Unredacted Original Interview with Newspaper ‘Die Welt’

Hi all, I was recently approached by one Florian Flade, a reporter from the famous German newspaper ‘Die Welt‘ and asked if I could do an interview. Florian I might add was a pleasure to answer questions for. The article went out today here, however only in German language, so for anyone who does not speak the language I post here the original English transcript. (I tried Google translate on the article but it made not a hint of sense). PS For some reason they have taken to calling me ‘JOKER’ and have provided no link whatsoever back here or to my twitter account. Anyway, ho-hum, here’s the transcript.



If you had to describe you, what would you tell people about what you do and who you are?


What I do: I aim to cause disruption to the online efforts of Jihadists on the internet. They have realized that they can recruit, train and coordinate home-grown terrorists completely via the internet, without ever having to meet. This cuts out much of the risk for the recruiters associated with any face-to-face contact. Web recruitment targets young, tech-savvy, vulnerable Muslims, the iPod generation if you like. By making these  sites unreliable, the potential recruit numbers start to dwindle. Who am I?  For reasons of operational and personal security reasons it would be foolish of me to divulge too much information, however I can tell you what is already known about me. I am an ex-military operative. That’s about all I can tell you.


When did you start hacking Jihadi websites?


I started this particular campaign on 1st January 2010 having built a rudimentary working version of XerXes. Since then XerXes has developed into a more substantial attack platform as you can see here and here. However, XerXeS is just one rather public attack vector in my arsenal.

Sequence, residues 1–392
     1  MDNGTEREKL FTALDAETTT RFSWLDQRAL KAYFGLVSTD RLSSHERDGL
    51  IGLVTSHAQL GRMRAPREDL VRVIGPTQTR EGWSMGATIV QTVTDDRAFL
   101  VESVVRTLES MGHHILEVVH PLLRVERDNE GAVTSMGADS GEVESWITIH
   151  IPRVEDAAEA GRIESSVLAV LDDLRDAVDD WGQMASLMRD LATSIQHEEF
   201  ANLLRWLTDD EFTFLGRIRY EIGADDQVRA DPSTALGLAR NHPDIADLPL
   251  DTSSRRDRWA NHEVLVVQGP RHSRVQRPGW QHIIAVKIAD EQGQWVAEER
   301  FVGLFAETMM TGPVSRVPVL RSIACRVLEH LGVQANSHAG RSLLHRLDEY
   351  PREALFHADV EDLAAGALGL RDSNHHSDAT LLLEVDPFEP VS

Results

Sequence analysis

Why do you especially go after the Jihadi propaganda websites and forums?


I target known jihadi propaganda, recruitment, training and co-ordination sites because they pose the single biggest threat to the actual physical world at large, rather than being just a threat limited solely to cyberspace itself. By making these methods of terrorist communication unreliable, they become useless as an effective tool.


What is the reason you are doing this?


Mainly because nobody else seems to be taking the threat seriously. There are many bloggers and security analysts who do a fine job at passive reporting and speculation, but I prefer a more direct, in-your-face approach. Tweeting every attack publicly serves to undermine the operators of these sites, and brings them to the attention of counterterrorist agencies.


Are you familiar with the political events in real conflict zones or is your interest limited to the cyberspace?


As a former soldier, I am more than aware of what happens on the ground in actual theaters of conflict. However, since leaving the governments payroll I have come to realize that cyberspace is fast becoming the next Front Line – a valid and very real battle space. The threat landscape on the internet naturally mirrors that of the physical world as the internet becomes more and more closely integrated with critical infrastructures and business systems. These will be the next targets of terrorism-  high value/low risk to the attacker.

Was there a specific event that triggered your interest in hacking and bringing down Jihadi websites?


Well no not really a specific event, just keeping an eye on the news I noticed more and more home-grown terror plots carried out by radicalized citizens of the very country being targeted. It occurred to me that the internet was how they were being recruited, trained and coordinated, as its cheap and relatively safe if you are careful. So I started to do some digging. The rest is… well… history, as they say.


What was the first Jihadi website you brought down?(and when)